In order to be perceived as sustainable, companies must develop their decision-making processes, both respecting and adjusting their value systems and organizational arrangements. When companies select a sustainability approach that most conforms to their objectives, purposes and strategies, and begin adapting it to their particular social circumstances, it is natural to review the dominant values of the approach (Munck, 2013; Galpin et al., 2015). However, besides the definition of new visions, the challenge is to integrate traditional concepts of eco-efficiency/environmental management with those of sustainability, and to incorporate the latter into current administrative practice (Elkington, 2001; Hoff, 2008).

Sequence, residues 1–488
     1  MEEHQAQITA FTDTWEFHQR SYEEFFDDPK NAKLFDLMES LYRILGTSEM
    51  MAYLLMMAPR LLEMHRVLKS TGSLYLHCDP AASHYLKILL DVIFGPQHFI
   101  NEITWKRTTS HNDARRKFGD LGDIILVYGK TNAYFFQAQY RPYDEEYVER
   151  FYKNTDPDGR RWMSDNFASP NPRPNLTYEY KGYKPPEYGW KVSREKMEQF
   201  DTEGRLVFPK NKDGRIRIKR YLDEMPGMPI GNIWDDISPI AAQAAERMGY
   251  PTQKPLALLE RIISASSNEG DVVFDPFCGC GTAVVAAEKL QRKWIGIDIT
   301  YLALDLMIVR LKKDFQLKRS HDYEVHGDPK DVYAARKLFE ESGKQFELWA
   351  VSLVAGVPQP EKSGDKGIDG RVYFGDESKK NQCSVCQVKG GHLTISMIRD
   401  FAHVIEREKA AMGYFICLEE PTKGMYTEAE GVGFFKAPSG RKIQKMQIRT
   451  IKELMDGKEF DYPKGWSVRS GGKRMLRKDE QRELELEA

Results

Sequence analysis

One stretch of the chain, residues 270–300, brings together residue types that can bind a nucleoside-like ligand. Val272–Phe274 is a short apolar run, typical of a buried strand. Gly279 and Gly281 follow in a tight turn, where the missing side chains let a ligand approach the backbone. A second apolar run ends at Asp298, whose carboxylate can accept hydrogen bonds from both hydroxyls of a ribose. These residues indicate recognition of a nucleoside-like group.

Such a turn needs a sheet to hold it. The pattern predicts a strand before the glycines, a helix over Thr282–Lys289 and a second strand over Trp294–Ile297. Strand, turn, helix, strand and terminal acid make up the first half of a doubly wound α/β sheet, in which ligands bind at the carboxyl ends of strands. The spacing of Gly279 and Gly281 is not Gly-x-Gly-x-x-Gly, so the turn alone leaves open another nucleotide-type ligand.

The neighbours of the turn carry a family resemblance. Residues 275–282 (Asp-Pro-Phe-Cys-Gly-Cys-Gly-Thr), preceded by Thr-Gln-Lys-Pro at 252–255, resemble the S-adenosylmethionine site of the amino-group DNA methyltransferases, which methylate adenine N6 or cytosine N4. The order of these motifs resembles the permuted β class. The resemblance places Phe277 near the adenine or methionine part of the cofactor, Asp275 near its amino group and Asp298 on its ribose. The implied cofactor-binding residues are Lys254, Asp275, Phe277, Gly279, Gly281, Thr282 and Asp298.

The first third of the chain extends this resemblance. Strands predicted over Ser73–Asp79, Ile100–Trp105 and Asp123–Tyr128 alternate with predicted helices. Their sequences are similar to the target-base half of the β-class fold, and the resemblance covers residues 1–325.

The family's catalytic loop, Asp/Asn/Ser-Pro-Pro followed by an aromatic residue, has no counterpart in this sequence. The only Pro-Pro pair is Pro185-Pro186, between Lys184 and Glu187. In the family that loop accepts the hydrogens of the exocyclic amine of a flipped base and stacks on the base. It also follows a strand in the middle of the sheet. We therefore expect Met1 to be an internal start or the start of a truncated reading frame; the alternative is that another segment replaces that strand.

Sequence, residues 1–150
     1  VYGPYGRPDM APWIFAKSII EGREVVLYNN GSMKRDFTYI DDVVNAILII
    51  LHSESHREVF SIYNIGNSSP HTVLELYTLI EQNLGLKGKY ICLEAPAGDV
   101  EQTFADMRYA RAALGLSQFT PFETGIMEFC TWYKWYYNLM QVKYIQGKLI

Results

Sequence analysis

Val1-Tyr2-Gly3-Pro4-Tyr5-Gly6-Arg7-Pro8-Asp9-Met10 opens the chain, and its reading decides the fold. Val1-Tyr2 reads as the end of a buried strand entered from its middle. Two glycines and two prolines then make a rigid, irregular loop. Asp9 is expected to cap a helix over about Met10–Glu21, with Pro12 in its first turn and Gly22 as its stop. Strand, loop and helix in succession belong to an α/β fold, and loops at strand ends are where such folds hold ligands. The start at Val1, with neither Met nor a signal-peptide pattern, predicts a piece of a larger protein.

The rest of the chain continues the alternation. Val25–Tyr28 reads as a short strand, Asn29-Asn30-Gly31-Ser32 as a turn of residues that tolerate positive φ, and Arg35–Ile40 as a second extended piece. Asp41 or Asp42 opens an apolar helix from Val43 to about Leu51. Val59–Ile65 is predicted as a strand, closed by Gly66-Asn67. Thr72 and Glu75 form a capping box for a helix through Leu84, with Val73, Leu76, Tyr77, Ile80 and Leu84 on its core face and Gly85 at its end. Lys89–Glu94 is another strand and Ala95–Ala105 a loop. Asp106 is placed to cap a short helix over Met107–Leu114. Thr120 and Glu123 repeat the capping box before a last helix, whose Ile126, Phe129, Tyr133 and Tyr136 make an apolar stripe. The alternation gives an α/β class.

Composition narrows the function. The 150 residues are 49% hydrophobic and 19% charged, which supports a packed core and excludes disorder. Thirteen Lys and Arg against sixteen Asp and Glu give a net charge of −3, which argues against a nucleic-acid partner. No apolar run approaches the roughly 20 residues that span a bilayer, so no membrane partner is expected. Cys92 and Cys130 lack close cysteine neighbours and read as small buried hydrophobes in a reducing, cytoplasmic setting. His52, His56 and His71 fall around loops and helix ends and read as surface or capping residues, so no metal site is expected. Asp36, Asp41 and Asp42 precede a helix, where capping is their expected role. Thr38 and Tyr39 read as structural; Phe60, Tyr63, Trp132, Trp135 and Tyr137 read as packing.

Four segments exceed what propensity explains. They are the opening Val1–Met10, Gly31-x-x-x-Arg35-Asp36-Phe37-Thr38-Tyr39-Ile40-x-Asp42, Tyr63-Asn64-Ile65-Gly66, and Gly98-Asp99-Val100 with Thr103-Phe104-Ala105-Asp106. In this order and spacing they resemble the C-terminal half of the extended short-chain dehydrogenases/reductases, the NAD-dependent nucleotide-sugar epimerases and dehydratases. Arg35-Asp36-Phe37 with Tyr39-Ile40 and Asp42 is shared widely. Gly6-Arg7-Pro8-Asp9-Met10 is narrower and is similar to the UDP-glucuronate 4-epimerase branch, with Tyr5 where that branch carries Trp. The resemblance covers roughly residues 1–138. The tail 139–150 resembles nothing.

To achieve a more flexible and adaptable response to the demands of the macro environment, companies must manage strategies and products so that they meet intertemporal demands: a process that must be underpinned by an in-depth understanding of the past (Bansal and DesJardine, 2014; Munck, 2015; Elkington, 2001). Indeed, whilst decisions are made in the present, they involve a series of comparisons, conflicting interests and differences in terms of past and future: this is the context within which sustainability and strategy converge. Managers, for whom time is always a key factor, understand that the results of sustainability do not always play out in the short term, but concern rather the medium and long term.